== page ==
Ten Of The Best Hallway Mirrors
This week, I started my hall, stairs and landing revamp. Well, if I'm going to be completely honest, Miles The Worlds Best Decorator started the revamp with a ten foot ladder, nerves of steel and a lot of paint. LOADS of paint. In total, 25 litres of ceiling and undercoat, 15 litres of satinwood and 30 litres of Valspar Blanc De Blanc. Yep, it's a fairly big space. I've wanted to redecorate ever since we moved in, when I quickly realised that a pale apricot tinged wall for which you couldn't find a paint match (and therefore can't touch up) was no competition for countless near feral children running up and down the stairs. After a couple of months of living here, the staircase wall looked as if there had been a dirty protest. Usually, I would have thought nothing of it and gone ahead and redecorated myself, but the landing is a sheer 30ft drop. It's a task that is literally impossible for me to undertake without risking my own life in the process, not to mention the fact that I nearly fainted with trauma on the glass staircase at the Pompidou Centre due to the height views. Luckily, I managed to book in Miles, King Of The Paint Roller, to do the job so that my own survival wasn't compromised. What a life saver.
Planning the space has been a fairly long process. As a family of five, including a teenage girl with approximately 170 pairs of trainers (average cost of each £65) and two boys, both of whom play for no less than two football teams, the hallway generally looks like the Primark shoe department during peak sale period. Football boots are kicked off, either spraying tiny black astro turf balls or clumps of mud and grass across the white tiles. Buddy the Lhasa Apso has an association issue with the dog walker arriving, whereby every time she opens the door there's a Pavlov's Dog effect (no pun intended) and he urinates on the floor. As a result, there's a constant fragrant waft of Shake N Vac permeating the area. The entire hall space is less stylish entrance foyer and more smelly locker room. I decided that in the 'new' hall, things were going to change. No school bags chucked willy nilly, no coats discarded, no muddy paw prints leading to the utility room. New hall, new rules.
One of the main changes I want to make in our new rear hall is a console area. At present, we've got a long vintage school bench which is going to be relocated into the front and I'm going to move in a sideboard that I've had for years to create a console with a mirror above. In our previous Victorian home in Caversham, we had a wide hall with high ceilings. We were lucky enough to be given a long, 8ft landscape vintage mirror which is what would originally have been there when the house was built. It ran along the entire stretch of the right hand wall as you walked in and it was brilliant - ideal for checking that you looked okay as you left the house but with the added bonus of doubling the appearance of the hall. It looked so perfect in the space that when we moved, I couldn't bear to remove it. That and the fact that we'd lazily painted around it so it would have left a massive gap on the wall. Mirrors are a brilliant addition to a small area - not only do they make your space look bigger but they also reflect the light.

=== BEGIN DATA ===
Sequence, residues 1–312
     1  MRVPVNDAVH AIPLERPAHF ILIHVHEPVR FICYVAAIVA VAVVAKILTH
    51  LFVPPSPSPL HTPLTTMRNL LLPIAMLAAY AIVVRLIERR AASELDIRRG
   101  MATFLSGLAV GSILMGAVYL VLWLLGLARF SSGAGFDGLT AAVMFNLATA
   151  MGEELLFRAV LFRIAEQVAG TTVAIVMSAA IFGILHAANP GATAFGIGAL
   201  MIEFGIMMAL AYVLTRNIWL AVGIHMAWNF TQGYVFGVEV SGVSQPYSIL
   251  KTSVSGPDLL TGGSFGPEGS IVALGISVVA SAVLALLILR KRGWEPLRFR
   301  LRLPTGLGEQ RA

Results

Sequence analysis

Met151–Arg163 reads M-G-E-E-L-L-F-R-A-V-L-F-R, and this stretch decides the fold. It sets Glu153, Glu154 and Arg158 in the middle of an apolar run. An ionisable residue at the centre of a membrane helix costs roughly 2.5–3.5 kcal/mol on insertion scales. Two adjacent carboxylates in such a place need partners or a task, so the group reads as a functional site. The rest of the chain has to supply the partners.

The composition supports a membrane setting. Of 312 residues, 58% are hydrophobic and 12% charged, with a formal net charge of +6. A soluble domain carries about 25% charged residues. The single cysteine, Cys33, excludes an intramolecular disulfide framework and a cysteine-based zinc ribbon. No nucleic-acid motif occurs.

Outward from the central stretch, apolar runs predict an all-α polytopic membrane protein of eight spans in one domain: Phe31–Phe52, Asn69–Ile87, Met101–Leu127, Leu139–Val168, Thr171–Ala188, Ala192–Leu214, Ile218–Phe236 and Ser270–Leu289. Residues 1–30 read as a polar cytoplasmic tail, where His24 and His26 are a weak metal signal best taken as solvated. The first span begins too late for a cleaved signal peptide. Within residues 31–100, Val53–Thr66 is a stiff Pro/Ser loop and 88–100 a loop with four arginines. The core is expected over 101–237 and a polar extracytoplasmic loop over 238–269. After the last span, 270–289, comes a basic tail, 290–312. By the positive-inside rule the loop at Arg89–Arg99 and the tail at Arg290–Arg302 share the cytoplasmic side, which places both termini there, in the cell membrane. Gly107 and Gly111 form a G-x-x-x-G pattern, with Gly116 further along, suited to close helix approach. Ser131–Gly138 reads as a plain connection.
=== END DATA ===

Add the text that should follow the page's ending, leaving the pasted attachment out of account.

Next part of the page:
Console areas in hallways are also handy for remembering things, such as keys and essentials. This particular issue is one that I have struggled with over the years. As someone who once got on a bus wearing two odd shoes, anything that enables me to be onit is a good thing. Last week I was on the A64 south bound when I realised that I had forgotten to leave a front door key for the kids and there was no way of getting a spare other than from Joe who was three hours away in Boston, so I drove all the way back again. Two terms ago, I bundled Leo into the car and set off to school, only to arrive at a playground akin to the Marie Celeste - I'd totally forgotten it was a training day. What a knob.
My crowning forgetful glory was when I went to collect Leo from school one afternoon, which at the time was a mere twenty minute drive away. I picked him up, merrily drove home, went into the kitchen to cook dinner and suddenly realised that I was missing something. That something was Buddy. I'd left him strapped up to the railings outside the playground looking like an advert for The Dogs Trust. After having a total meltdown, I phoned a friend who lived close to the school to collect him, but the damage was already done. His little face looked at me accusingly as I collected him, memories of abandonment already shaping his future in dog therapy. My reputation as York's answer to Cruella De Vil was hence set in stone and has never since recovered.
Anyway, my aim for the new hallway space is to create an organised and efficient space that is also cool. And to do that, I need a cool as, over a console style, large mirror. A good before-you-leave-the-house face checker, but also one that can double up as an excellent selfie source (I've got two teenagers - it's an essential). So in the interests of the perfectly styled entrance space, here's my top ten favourites, from keep to budget, to blow the budget.
Each and every one of these mirrors is a sure fire winner and would look fabulous in an entryway, whether your space is big or small. For me, a console area will transform what is currently a bag chucking bowling alley into a (hopefully) stylish mini room and the extra light and space expansion the mirror will bring will finish it off perfectly. All I need to do now is remember where I put the car keys. And the dog.